The WTO Secretariat published on 19 August 2010 a revision (nr. 4) of a document titled “DEVELOPMENTAL ASPECTS OF THE DOHA ROUND OF NEGOTIATIONS”
This Report (or note) was established by the WTO Secretariat following a request by WTO Members for a background paper for the 54th Session of the CTD of the Committee on Trade and Development (CTD), held on 5 October 2005, at which this Group undertook a preliminary review of the "developmental aspects" of the Doha Round of negotiations.
In this latest revision of the note the Secretariat writes the following on fisheries subsidies negotiations (numbers refer to paragraphs):
107. Finally, in the area of fisheries subsidies, developing Members point in general to the important role that fisheries can have for poverty alleviation, livelihoods and food security. Concerning possible new disciplines on fisheries subsidies, some developing Members favour very strict disciplines with few exceptions and limited S&D, while others seek broad exemptions from any new disciplines.
108. In November 2007, on the basis of the mandate from Ministers at Hong Kong, the Chairman of the Negotiating Group on Rules (NGR) tabled his first draft texts covering anti-dumping, subsidies and countervailing measures, and fisheries subsidies. These were consolidated texts that addressed a wide range of issues in all of these areas, based on the proposals and discussions that had preceded them. The texts contained specific proposed language from the Chairman on the issues addressed, with no brackets or alternatives. On fisheries subsidies, the Chairman's text took the form of an entirely new annex to the SCM Agreement, proposing a comprehensive set of new disciplines in this area. These texts, which were discussed in detail during 2008, all proved to be very controversial, and the gaps on the most politically sensitive issues were not narrowed through the discussions. In December 2008, therefore, the Chairman circulated new, "bottom-up", texts on anti-dumping and on subsidies and countervailing measures, proposing specific language where in his view there was the greatest possibility for convergence, and for the most sensitive issues replacing his former proposed language with square brackets summarizing the range of positions of delegations. For fisheries subsidies, such an approach was not possible as there is no pre-existing set of disciplines in this area. The Chairman thus circulated a roadmap for discussion, containing a set of detailed questions on the major issues needing resolution. The Group completed its discussion of these texts in early 2010, and has begun considering new proposals that have been tabled in various areas of its mandate.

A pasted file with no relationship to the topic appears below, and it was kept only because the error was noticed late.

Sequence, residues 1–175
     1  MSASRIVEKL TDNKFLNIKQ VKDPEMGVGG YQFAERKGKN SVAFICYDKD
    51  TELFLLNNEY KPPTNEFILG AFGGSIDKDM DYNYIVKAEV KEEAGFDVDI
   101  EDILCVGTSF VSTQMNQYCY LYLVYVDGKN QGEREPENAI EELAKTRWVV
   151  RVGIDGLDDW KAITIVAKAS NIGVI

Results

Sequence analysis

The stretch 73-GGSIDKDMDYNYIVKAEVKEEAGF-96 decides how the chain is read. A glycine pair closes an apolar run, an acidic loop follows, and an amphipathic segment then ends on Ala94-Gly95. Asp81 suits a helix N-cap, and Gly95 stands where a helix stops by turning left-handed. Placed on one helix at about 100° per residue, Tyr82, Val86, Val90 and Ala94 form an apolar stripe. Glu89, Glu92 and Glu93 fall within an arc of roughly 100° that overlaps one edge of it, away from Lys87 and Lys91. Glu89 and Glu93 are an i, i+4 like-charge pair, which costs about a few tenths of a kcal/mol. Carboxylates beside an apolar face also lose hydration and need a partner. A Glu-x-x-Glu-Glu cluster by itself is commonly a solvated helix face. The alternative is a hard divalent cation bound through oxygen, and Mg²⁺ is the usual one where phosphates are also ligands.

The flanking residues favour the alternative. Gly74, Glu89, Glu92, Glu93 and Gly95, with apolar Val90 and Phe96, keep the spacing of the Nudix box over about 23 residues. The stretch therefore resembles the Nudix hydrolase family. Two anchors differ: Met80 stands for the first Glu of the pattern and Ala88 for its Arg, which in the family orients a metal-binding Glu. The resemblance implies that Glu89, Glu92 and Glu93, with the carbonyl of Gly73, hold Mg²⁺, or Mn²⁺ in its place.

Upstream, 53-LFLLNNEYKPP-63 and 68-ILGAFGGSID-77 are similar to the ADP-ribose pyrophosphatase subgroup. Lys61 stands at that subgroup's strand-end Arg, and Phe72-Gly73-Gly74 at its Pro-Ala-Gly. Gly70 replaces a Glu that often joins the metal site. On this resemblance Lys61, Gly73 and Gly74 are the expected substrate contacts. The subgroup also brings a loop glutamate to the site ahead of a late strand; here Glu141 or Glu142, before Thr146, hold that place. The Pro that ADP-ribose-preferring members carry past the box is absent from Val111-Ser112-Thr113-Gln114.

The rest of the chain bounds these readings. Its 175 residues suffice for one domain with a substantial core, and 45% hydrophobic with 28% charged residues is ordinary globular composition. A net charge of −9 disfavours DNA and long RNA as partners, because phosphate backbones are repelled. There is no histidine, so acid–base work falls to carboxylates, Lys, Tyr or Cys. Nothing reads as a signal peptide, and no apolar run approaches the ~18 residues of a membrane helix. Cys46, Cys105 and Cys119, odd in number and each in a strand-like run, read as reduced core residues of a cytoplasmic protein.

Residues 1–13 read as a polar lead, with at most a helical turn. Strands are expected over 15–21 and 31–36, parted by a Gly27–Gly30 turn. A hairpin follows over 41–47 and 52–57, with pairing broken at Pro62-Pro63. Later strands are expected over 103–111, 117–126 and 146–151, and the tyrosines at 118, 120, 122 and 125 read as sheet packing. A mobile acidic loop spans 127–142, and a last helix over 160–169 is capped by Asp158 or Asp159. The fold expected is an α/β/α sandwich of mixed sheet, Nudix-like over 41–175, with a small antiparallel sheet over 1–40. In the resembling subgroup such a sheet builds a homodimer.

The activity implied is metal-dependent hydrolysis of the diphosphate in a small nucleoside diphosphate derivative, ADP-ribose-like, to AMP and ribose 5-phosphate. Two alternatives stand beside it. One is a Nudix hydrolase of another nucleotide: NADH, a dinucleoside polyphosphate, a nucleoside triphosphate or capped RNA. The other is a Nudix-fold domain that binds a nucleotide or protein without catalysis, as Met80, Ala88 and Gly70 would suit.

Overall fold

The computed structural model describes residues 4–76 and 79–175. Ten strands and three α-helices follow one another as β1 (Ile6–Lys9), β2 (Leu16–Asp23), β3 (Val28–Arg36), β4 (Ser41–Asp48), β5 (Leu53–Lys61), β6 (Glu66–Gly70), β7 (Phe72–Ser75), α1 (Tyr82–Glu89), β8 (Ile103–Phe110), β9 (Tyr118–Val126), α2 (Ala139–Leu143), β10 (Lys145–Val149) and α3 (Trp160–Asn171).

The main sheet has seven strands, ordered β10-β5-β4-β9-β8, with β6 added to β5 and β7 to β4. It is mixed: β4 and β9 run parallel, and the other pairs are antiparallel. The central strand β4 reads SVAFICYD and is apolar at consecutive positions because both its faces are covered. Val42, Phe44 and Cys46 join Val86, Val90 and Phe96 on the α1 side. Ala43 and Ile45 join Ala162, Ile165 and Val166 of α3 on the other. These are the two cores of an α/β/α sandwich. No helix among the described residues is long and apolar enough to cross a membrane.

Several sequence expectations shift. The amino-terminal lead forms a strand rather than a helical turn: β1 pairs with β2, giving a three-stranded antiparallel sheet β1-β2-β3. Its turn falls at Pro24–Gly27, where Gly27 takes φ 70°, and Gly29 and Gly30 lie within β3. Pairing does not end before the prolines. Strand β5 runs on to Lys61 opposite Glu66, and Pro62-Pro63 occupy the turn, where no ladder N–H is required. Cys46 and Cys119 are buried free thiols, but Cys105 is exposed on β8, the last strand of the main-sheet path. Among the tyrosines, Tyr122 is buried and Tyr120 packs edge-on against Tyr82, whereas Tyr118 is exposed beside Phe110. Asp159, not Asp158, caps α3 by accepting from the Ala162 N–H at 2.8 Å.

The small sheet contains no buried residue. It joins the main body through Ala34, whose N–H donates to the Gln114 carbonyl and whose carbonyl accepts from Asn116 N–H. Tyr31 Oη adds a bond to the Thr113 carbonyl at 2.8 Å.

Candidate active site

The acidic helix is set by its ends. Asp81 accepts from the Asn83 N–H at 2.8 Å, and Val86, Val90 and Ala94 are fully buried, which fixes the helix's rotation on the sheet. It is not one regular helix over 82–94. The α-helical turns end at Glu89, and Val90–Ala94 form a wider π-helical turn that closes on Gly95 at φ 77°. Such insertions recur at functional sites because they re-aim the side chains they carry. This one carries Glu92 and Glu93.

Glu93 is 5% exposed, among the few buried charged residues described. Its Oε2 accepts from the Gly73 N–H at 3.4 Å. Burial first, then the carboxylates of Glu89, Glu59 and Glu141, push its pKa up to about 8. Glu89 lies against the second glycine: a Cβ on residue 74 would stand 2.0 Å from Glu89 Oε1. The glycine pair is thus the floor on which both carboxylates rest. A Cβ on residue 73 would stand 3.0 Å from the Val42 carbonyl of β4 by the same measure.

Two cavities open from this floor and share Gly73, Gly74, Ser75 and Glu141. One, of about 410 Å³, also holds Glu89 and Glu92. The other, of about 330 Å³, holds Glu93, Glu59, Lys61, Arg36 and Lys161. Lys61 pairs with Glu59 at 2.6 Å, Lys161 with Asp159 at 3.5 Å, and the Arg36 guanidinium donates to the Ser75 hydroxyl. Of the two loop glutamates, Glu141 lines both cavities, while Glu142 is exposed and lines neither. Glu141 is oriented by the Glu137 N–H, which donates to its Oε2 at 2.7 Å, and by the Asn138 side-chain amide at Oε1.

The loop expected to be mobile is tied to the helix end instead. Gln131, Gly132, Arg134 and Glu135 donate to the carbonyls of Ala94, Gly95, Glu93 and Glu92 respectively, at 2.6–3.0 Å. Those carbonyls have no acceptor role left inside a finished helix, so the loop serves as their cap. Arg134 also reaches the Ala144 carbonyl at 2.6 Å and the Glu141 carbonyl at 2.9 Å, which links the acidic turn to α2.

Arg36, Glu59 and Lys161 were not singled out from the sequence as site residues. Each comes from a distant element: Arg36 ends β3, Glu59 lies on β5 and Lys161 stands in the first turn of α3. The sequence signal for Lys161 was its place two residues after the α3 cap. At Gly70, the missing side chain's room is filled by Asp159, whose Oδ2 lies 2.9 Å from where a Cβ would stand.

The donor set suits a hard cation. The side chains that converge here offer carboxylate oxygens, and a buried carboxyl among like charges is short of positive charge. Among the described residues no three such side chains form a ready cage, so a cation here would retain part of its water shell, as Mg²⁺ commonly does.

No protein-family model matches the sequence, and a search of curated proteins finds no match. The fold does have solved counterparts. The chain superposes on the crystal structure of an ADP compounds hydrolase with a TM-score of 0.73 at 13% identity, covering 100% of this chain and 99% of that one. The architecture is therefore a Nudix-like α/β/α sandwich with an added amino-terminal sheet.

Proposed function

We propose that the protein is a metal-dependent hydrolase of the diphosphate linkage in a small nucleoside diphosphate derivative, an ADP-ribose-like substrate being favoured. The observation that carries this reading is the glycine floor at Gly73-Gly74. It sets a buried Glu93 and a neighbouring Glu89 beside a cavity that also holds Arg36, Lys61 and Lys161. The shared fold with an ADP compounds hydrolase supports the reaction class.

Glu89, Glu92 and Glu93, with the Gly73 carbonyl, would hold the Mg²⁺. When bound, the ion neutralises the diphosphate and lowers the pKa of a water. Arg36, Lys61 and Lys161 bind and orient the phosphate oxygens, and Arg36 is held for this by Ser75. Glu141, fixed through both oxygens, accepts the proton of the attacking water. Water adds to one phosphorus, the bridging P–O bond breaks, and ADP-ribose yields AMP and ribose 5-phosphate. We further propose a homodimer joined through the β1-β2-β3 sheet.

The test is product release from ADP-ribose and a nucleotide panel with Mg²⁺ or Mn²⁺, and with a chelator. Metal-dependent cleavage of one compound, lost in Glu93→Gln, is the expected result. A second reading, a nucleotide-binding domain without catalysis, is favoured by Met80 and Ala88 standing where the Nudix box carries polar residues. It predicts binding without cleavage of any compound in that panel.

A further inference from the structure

112 112. Concerning fisheries subsidies, the main proponents of new, sector-specific disciplines comprise a group called "Friends of Fish", which includes a number of developing country Members. For the developing country proponents, the main concern is the artificial competitive advantage created by subsidies, which affect access to fish and contribute to the depletion of the resource. Most Members (developed as well as developing) have stressed the need for effective S&D as part of any fisheries subsidies package. Of particular concern in this regard are small-scale, artisanal fisheries and any subsidies thereto, as well as payments that some developing Members receive from foreign governments for access to the fisheries in their waters. Aquaculture is another area of considerable interest to many developing country Members, which seek to ensure that any new disciplines would not interfere with these activities. The 2007 Chairman's text on fisheries subsidies proposed S&D provisions to address developing Members' subsidies to different scales of fishing operations, and to address access payments. In addition, the scope of the text was limited to subsidies to marine capture fisheries (i.e., it did not extend to aquaculture). The Chairman's 2008 roadmap pursued these and other issues, which the Group discussed in detail during 2009. Since then, new proposals have been tabled, inter alia, by several groups of developing Members seeking to redefine the S&D provisions in different ways.
(d) Possible gains to developing countries113. An eventual clarification and improvement of any of the rules under negotiation will increase the predictability of the trading system to the benefit of all Members. Moreover, an appropriate balance of rights and obligations will permit developing countries to pursue their development objectives and at the same time guard against practices that have a negative impact on their trade. In this regard, effective disciplines on the fisheries subsidies of the major subsidizing Members will benefit developing Members in terms of access to fisheries resources and in terms of reduced distortion of trade in fisheries products. Another area where balance is crucial concerns trade-offs between the costs and administrative burdens of the contingency protection system and its capacity to ensure fairness and transparency.